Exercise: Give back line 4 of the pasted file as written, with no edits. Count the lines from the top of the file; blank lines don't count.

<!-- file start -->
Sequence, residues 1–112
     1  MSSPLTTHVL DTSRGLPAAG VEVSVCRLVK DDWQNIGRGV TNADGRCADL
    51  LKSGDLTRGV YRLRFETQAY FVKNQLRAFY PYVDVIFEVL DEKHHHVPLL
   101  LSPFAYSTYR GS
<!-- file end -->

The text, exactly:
   101  LSPFAYSTYR GS